Therefore all things whatsoever ye would that men should do to you, do ye even so to them. Matthew 7: 12

Recently I realized that I needed to apply the golden rule to myself. I can treat others better if I start to also treat myself better.


I’ve always read the scripture, “Cry repentance unto this people” like I should be going out and telling people what they are doing wrong and they should stop. That’s not going to happen.

But I’ve been studying repentance a bit more recently, and had a few experiences. One, I did something a bit stupid and realized that instead of sitting around feeling horrible about it, I should pray about it and confess my sin and ask for forgiveness and help to change. I immediately felt better.

Joe and I were reading a book and it contained an article about how it shouldn’t be “I can’t do this” to “I won’t do this.” Because Christ has promised that with him, we can do all things. I started to really think about those things that I want to change, but it just doesn’t happen. A lot of this is really, I won’t change, because if I do try, and more importantly, rely on Christ for help, I really can do all things.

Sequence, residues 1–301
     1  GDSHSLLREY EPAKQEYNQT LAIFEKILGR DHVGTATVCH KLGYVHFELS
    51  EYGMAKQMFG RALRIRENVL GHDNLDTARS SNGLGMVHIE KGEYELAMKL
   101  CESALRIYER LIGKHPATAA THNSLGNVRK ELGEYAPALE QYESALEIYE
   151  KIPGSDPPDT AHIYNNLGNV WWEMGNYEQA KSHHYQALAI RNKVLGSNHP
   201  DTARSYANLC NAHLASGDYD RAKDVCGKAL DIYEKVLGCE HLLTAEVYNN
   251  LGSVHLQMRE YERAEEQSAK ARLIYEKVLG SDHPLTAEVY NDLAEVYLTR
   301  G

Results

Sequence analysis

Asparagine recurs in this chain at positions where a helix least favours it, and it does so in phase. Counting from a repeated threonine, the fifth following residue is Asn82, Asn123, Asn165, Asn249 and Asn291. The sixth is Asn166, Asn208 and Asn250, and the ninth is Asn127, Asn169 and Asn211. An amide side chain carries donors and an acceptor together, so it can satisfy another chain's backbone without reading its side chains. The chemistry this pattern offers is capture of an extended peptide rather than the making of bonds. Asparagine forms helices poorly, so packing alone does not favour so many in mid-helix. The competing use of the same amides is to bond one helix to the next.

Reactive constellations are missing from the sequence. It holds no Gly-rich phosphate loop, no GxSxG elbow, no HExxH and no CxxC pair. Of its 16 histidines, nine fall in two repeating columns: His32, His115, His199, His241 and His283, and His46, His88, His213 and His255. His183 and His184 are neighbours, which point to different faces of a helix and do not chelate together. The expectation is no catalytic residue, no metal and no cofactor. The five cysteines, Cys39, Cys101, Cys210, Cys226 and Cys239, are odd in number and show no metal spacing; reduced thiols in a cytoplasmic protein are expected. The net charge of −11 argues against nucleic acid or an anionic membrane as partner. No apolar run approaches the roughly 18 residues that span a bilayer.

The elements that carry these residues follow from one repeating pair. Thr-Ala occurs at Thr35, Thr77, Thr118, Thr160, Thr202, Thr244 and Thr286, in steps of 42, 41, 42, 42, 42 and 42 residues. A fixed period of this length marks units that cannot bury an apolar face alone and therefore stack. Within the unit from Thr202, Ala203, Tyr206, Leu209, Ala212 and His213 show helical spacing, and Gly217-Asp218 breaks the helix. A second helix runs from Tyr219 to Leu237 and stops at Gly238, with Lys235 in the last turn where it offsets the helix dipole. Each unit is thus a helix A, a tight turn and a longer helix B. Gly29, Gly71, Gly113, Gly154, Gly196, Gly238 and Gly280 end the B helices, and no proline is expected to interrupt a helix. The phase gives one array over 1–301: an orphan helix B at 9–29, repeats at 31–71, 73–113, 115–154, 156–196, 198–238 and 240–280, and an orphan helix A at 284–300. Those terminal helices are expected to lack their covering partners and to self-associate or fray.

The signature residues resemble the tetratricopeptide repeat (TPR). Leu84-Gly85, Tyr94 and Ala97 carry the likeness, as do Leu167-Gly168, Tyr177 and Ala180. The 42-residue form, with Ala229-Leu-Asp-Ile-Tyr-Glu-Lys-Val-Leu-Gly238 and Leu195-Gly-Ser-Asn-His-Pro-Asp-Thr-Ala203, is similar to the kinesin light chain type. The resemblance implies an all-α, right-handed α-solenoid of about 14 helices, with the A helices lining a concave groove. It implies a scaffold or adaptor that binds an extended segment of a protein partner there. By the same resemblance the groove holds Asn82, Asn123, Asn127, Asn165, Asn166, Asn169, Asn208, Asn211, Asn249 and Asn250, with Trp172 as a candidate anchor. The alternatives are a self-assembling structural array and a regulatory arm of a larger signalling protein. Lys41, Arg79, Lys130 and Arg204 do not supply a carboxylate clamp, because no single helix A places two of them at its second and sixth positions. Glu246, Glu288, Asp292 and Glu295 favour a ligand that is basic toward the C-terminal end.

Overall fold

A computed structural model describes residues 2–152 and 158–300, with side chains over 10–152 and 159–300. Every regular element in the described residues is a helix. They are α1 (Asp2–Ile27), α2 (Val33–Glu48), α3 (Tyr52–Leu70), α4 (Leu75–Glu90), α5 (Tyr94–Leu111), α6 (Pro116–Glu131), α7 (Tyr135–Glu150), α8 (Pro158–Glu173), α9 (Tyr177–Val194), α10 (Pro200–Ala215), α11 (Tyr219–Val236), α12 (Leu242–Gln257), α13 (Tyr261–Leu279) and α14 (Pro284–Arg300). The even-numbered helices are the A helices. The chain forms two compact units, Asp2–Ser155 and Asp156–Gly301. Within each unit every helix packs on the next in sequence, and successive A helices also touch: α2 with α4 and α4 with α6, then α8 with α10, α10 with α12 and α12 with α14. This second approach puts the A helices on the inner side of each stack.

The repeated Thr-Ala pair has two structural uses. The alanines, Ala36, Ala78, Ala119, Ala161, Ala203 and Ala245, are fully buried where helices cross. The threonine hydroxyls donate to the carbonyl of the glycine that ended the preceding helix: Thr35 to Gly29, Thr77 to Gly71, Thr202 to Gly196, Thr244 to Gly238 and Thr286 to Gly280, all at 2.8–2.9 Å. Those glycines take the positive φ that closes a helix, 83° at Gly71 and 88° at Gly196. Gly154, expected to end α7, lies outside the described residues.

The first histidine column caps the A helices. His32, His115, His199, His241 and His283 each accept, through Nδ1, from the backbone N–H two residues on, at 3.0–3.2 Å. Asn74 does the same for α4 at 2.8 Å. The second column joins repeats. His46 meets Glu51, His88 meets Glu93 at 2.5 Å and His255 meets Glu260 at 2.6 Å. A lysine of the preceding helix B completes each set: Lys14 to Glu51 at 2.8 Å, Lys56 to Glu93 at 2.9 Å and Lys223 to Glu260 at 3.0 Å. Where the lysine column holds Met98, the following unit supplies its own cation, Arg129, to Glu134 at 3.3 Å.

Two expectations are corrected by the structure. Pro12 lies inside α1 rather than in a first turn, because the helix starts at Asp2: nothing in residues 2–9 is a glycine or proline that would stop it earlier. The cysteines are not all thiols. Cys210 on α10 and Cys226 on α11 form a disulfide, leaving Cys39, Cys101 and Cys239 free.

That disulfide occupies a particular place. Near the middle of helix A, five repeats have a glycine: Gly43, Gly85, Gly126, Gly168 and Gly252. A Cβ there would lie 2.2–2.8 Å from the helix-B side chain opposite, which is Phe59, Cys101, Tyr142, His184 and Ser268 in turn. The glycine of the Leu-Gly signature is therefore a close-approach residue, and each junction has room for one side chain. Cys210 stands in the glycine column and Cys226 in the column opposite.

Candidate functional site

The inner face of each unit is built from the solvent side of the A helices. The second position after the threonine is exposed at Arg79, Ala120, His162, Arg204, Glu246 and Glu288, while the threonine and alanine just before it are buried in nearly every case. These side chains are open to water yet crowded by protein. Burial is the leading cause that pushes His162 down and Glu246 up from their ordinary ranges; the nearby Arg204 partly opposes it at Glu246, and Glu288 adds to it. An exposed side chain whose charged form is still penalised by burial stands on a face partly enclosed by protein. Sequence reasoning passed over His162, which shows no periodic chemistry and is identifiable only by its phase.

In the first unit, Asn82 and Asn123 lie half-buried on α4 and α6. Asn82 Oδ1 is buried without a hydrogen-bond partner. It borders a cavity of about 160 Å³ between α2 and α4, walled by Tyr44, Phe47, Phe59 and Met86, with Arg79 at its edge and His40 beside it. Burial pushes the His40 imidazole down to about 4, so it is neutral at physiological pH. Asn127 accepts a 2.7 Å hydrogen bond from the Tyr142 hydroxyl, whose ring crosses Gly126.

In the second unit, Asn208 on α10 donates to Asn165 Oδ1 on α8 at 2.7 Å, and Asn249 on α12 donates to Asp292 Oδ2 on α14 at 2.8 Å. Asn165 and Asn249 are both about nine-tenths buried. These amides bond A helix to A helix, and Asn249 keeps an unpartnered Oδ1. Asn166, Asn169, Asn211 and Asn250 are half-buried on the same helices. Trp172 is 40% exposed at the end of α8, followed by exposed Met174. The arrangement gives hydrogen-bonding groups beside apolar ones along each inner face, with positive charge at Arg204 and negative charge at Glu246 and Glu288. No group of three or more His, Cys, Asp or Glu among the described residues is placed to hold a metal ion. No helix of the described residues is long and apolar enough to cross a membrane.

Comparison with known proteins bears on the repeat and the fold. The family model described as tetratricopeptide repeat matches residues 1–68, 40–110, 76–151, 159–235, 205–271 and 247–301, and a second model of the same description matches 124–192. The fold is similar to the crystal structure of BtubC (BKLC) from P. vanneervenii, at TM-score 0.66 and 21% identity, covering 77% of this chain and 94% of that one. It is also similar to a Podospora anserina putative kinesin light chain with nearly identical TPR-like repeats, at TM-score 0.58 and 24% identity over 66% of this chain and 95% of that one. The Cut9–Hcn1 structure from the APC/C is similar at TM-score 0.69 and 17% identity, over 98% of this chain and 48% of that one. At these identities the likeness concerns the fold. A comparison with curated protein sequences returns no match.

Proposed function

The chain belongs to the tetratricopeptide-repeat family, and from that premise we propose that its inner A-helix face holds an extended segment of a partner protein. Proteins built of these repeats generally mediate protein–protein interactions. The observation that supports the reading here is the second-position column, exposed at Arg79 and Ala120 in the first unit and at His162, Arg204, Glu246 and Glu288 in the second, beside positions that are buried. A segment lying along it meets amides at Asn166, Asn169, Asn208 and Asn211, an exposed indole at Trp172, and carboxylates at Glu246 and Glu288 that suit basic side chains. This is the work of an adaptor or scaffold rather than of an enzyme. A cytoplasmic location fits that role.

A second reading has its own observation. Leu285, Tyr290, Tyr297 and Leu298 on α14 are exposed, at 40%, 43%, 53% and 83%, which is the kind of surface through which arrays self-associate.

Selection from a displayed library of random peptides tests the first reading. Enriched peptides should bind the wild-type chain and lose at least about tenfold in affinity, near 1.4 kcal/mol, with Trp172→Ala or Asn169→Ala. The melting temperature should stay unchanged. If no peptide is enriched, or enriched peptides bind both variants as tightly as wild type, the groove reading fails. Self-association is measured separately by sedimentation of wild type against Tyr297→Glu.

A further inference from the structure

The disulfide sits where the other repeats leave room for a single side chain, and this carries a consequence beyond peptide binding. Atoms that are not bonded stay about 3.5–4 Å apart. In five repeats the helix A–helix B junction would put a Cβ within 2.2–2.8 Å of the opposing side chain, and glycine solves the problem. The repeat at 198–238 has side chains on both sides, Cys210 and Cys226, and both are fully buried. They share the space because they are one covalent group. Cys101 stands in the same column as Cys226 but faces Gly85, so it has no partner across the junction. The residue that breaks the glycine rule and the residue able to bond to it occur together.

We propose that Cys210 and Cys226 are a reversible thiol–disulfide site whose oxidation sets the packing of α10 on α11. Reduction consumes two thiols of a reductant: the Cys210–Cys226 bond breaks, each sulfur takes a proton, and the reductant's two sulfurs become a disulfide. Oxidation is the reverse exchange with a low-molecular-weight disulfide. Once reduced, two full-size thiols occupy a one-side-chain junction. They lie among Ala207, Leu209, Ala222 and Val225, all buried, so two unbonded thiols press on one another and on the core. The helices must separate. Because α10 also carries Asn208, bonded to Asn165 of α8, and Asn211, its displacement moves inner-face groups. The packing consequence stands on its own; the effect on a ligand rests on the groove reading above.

Going back to crying repentance. It’s not about telling others what is wrong in their lives. It’s about telling them about the power of Christ. All those little or big things that we just can’t change by ourselves and cause us grief can be taken away by Christ. Through repentance we can become everything we want to be, everything God wants us to be.


Adventure #1: I had grumpy kids. Staying at home did not seem like a good option. So we drove two blocks and changed the oil in the car. They had popcorn. The kids were happier. I am glad that kids enjoy popcorn and seeing cars lifted up.